Monday, August 29, 2011

An accounting

Things that went wrong today:
1. It took the doctor five hours (FIVE!) to give my husband and I our annual physicals.
2. I was unprepared for a meeting.
3. We had a fender bender in the new car.

Things for which I am grateful:
1. We both got a clean bill of health.
2. My coworkers are forgiving people.
3. The accident happened at such a low speed that the airbags didn't deploy.
4. The day is finally over.

Sunday, August 28, 2011

Extracurricular activites

In graduate school, I decided that there was time enough for me to have one, but only one, hobby, and that hobby was cooking. Now that I'm done with graduate school, I can mainly keep a forty-hour work week. As a result of all my newly-found free time, I find myself taking up new hobbies. Last spring I started taking dance classes. (I find it hard to describe what kind of Indian dance it is: click here if you want to see an example.) I need to practice a lot at home to keep up and, if I want, I could take these classes for a decade or so and still be learning new stuff. So it's a challenge.

Dance classes aren't held during the summer, though, because the instructor and lots of the students visit India during summer vacation. With all that free time on my hands, I decided to join a choir. Like the case of the dance class, I've taken on more than I realized. When I heard I needed to audition, I wasn't too worried. But at the audition the woman who went before me sounded like an opera singer. This turned out to be not too far from the truth, as most of the singers majored in music, and some of them are paid opera singers. I was told that my voice is rusty (so true! I haven't sung in ten years) but that I had potential. The very first night we sang Bach in five parts and we sightsang pieces in Hebrew. I've sung in choirs like this before; choirs that hire soloists and sing with orchestras, but the caliber of these singers is astounding. Quite frankly, I can tell that I am one of the worst singers there, but I'm choosing to see this as an opportunity to learn lots, and fast.

In the meantime, something that I'm good at: Bienenstich Kuchen. This translates as bee sting cake, but I don't know the story behind the name. It's plain, eggy cake topped with lots of almonds and filled with vanilla cream. This is officially a kuchen, but I haven't figured out the difference between a Kuchen and a Torte.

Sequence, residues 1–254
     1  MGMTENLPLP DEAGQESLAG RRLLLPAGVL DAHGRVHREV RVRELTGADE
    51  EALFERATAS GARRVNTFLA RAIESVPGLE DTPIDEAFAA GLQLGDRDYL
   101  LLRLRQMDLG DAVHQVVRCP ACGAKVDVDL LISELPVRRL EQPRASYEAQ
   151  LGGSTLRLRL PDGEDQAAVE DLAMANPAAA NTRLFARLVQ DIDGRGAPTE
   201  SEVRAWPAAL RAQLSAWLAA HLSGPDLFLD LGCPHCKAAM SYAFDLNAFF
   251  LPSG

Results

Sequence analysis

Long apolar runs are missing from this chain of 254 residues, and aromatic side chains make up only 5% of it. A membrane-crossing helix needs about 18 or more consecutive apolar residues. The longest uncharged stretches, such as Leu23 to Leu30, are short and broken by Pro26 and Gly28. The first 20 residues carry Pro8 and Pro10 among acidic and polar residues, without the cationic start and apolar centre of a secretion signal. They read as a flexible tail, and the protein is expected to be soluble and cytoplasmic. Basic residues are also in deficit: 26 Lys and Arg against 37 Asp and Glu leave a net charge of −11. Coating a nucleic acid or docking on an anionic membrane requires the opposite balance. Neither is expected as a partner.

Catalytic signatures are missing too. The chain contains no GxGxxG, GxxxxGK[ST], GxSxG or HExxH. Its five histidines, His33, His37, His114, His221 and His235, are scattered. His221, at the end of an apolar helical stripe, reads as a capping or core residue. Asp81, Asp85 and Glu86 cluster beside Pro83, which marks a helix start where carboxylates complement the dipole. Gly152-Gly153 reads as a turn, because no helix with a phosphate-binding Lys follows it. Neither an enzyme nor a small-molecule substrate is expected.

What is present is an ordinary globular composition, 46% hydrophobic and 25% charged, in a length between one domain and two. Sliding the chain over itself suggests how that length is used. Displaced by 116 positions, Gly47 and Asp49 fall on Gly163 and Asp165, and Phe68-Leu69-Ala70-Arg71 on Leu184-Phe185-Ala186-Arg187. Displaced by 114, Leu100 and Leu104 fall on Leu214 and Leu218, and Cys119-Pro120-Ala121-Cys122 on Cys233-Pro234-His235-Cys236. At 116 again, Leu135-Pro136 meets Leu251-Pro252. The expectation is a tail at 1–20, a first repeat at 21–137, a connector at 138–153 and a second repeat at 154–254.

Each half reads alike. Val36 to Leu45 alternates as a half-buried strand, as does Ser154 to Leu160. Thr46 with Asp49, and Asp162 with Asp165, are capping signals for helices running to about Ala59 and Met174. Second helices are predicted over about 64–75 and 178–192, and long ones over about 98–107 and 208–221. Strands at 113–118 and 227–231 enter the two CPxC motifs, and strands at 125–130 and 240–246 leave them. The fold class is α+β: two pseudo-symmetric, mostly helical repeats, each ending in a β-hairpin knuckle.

Monday, August 22, 2011


This week's torte is a pear torte, which I chose because our vegetable share came with a dozen pears this week. The recipe for this torte was not so straightforward, because it was one that expected you to use all packaged foods. It was something along the lines of "While baking a fruit cake base, mix up a packet of vanilla pudding, open two jars of pears, and add water to a packet of glaze."

I think this "fruit cake base" will be a common component in the future - the ingredients are similar to that of a pound cake (equal amounts of butter, sugar, and flour) but it called for more leavening than a typical pound cake (three eggs), so it turned out a bit lighter. Here are the mistakes (let's call them learning opportunities) made with this cake:
1. I accidentally used a too-small pan, and my cake was higher than expected. To compensate, I cut the cake in half horizontally and froze half for another cake.
2. I poached fresh pears in simple syrup and orange juice, which was a great improvement over canned pears. I then brushed some of the leftover liquid on the cake layer before I topped it with the pudding. This is commonly done with French cakes (genoise) but it make the cake almost soggy. I've got to quit thinking these techniques will transfer and just follow the instructions.
3. The glaze, something called Tortenguss, is something you normally buy in a packet. (It's that light red sheen you might be able to see in the picture). I followed a suggestion I found on a German baking forum to make a pectin glaze, but it never set up. I'll need to try adding more pectin.

The beauty of making cakes, though, is that even imperfect ones are pretty darn delicious.

Tuesday, August 16, 2011

Places I've been: St. Petersburg

I went to St. Petersburg last weekend. (Alas, it was the Florida version, not the Russian city.)
Previously, St. Petersburg was a destination for us because my cousin and her family lived there. However, soon after we moved to Florida she joined the Foreign Service and moved away. I'm sure it's just coincidence that as soon as her cousin moved within driving distance she fled to the furthest corners of the world.
However, St. Pete is still pretty terrific. It boasts a brand new Dali museum. (To be specific, the building is new but the art is not.) It helps to have a guide when you're looking at Dali - he was a man that crammed an awful lot into each painting. (Example here.)
We also stopped along the way at a state park, formerly the site of the Koresh Unity religious group. They lived communally and. believed in celibacy and reincarnation. Their most interesting belief was that humans lived on the inside of a hollow sphere, and they did science experiments to prove it. Although we arrived too late to view their scientific apparatuses, we did spend quality time with their gopher tortoises.
Andrew enjoyed a lunch which featured his two favorite things: beer and math.
There's also a county park in St. Petersburg with extensive boardwalks. This feature is appreciated because the water is filled with alligators.

Here I am contemplating the swamp, deciding that I could never, ever live in Florida without the two miracle inventions: air conditioning and insect repellent.